By Heather Landy and Thomas Heath
Washington Post Staff Writers
Thursday, September 25, 2008
In a market largely paralyzed by a credit crunch and a crisis in confidence, there are stirrings of activity by deep-pocketed investors.
In the past week, Warren E. Buffett put up nearly $10 billion to acquire Constellation Energy Group and a stake in Goldman Sachs. Japan's largest bank company has agreed to invest billions of dollars in Morgan Stanley. Private-equity firms, meanwhile, are lining up funds so they can pounce on assets that are priced to move quickly.
The renewed dealmaking suggests that a few big investors are ready to brave the markets again.
"When history is written, this could be seen as the turning point," said David Rubenstein, co-founder of the Carlyle Group, a Washington private-equity firm with $40 billion in cash that it would like to put to work.
With the markets searching for direction, investors are debating whether the recent crop of deals should be viewed as bellwethers for a recovery or as opportunistic exploits by select buyers who can wrangle good terms in exchange for taking on risk.
"Nobody is smart enough to call the absolute bottom, but when you see a lot of smart money like this coming in, it's a pretty good indication that you are near that bottom," said Frederic V. Malek of Thayer Capital Partners, a private-equity firm that buys and operates hotels.
Keith Trauner, a portfolio manager at Fairholme Capital Management, said the latest batch of deals is probably more reflective of the sharp drop in asset values than of a surge in optimism about the markets.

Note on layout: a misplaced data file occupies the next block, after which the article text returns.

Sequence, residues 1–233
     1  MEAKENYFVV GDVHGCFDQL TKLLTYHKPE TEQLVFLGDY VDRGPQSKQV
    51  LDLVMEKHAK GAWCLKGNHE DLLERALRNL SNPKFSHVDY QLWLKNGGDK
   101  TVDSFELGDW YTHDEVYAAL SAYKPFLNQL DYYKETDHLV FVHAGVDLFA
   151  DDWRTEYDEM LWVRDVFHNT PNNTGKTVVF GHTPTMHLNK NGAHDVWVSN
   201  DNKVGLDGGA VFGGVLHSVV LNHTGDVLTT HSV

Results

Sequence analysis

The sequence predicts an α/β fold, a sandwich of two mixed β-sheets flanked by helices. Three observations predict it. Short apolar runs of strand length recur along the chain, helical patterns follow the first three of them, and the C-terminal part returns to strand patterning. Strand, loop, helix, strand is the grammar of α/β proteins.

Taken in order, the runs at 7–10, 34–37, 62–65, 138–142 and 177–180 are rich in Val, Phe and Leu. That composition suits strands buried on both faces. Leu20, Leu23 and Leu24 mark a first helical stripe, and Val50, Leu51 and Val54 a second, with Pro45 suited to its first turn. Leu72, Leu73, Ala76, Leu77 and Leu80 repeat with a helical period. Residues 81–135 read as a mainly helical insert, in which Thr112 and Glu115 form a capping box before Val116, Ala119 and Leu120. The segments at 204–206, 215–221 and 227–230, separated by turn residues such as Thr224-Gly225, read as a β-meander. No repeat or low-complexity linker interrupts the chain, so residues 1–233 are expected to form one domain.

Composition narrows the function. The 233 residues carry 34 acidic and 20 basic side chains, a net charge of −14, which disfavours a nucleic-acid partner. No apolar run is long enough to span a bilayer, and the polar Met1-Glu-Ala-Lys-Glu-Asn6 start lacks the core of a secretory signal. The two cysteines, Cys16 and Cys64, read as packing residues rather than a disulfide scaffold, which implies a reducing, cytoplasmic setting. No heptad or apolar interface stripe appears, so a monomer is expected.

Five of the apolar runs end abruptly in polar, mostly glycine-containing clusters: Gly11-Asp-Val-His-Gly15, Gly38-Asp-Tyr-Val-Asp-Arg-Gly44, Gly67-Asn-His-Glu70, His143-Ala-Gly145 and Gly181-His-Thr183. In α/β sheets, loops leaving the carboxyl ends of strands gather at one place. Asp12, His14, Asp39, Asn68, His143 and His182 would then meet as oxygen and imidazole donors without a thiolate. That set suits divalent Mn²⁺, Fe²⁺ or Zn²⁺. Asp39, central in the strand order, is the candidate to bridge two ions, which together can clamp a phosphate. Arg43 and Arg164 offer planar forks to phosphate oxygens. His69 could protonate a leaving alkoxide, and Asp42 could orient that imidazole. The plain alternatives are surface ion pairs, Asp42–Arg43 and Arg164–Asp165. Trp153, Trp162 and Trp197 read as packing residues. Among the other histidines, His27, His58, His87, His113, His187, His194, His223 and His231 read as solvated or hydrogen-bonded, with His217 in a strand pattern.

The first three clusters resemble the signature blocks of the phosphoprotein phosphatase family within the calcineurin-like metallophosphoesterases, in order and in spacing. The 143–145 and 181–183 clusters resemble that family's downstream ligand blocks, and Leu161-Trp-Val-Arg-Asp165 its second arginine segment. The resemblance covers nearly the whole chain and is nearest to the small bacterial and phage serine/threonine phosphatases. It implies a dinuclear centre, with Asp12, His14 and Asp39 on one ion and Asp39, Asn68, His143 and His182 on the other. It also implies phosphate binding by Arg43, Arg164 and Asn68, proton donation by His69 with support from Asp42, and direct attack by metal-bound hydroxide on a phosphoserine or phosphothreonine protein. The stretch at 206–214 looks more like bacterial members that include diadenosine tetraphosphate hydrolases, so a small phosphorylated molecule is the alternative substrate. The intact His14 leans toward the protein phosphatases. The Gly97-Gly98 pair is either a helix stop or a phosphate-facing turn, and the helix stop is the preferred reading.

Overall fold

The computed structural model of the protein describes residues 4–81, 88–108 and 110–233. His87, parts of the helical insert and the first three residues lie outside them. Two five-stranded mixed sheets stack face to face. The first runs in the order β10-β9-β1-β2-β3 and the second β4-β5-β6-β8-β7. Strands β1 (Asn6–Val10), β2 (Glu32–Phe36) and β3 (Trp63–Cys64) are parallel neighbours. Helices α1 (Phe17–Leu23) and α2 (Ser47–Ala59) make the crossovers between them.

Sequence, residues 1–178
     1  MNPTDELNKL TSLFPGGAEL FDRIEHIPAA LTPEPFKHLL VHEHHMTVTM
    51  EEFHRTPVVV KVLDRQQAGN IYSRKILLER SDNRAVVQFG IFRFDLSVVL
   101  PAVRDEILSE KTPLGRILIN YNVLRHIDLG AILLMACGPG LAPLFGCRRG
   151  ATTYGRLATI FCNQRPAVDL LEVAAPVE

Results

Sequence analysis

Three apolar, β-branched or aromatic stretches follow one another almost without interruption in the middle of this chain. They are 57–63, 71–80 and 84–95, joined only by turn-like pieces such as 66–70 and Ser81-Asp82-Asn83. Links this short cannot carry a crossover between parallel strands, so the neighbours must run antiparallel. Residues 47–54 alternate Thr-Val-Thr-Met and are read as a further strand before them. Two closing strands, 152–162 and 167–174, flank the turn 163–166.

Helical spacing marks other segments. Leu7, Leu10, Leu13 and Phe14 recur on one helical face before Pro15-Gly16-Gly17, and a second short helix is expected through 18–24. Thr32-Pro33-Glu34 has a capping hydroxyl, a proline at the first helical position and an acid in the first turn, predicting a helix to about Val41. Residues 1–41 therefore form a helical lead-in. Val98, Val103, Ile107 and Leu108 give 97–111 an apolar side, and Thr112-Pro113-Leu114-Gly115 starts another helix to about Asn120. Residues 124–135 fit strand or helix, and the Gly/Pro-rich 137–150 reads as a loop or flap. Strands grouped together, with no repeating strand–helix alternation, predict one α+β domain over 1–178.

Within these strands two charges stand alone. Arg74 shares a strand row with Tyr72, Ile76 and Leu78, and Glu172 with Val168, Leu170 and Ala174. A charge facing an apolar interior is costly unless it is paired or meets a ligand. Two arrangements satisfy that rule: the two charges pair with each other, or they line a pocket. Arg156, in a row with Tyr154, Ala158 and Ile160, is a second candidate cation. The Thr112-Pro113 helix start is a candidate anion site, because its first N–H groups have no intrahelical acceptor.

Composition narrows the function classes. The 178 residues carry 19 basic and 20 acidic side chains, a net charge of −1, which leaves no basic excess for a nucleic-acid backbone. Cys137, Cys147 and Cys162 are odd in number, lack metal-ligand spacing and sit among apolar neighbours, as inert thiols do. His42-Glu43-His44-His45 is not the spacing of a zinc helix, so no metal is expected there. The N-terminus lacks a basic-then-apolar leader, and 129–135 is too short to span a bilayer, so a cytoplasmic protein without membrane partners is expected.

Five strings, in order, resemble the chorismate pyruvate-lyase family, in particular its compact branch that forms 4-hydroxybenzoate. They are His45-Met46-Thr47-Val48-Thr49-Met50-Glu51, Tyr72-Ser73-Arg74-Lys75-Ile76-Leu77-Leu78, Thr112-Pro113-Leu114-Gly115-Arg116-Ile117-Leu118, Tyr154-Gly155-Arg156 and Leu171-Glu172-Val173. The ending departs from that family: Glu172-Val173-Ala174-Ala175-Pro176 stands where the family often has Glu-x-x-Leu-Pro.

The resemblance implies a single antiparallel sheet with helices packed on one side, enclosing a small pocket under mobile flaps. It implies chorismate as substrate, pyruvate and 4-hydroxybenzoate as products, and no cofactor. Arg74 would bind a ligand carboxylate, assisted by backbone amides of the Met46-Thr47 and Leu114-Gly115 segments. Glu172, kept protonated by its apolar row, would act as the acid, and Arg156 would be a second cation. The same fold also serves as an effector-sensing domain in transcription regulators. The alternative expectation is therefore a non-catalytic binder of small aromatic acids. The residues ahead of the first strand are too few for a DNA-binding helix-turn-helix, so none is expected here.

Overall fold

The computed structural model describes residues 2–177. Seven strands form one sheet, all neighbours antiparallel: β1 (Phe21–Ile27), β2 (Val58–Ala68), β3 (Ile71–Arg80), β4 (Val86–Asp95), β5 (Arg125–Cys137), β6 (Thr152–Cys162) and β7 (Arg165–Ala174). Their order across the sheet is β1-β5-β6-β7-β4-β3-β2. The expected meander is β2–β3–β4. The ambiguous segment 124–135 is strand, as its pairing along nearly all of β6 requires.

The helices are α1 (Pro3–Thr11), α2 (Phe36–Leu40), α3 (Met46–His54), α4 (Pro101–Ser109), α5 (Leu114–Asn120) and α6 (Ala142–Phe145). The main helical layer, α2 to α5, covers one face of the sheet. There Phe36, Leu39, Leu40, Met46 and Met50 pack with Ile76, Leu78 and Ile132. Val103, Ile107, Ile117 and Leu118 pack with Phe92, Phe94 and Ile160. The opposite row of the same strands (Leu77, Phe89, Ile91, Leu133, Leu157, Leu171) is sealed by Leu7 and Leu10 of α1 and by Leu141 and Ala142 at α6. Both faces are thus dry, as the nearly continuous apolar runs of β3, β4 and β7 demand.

"When you see Buffett do a deal for Constellation and Goldman Sachs, it's not so much a bet that things are about to turn on a dime. It's simply saying that a couple things that he understands and that make sense have popped onto the radar screen," said Trauner, whose firm holds shares of Berkshire Hathaway, Buffet's company.
Donald Marron, founder of Lightyear Capital, a New York investment firm specializing in the financial sector, said he expects to see more such investments in coming weeks.
"There is a lot of capital throughout the world in many more hands than it used to be, and they are looking for opportunities," said Marron, who is a former chairman of Paine Webber Group.
Whatever the motives, the intentions of Buffett and other buyers may not matter as much as the market's interpretation of them.
"Maybe even more than the federal bailout program, it could help as a sort of self-fulfilling prophecy," said Lawrence Cunningham, a George Washington University law and accounting professor who has written several books about Buffett.
Buffett for decades has provided a seal of approval to the firms brought into the fold of his Berkshire Hathaway, a holding company. His $4.7 billion bid for Constellation Energy, owner of Baltimore Gas & Electric, prompted a competing bid by a French company. His $5 billion investment in preferred shares of Goldman Sachs, announced Tuesday after the close of trading, helped send the firm's stock up by more than 6 percent in Wednesday's session.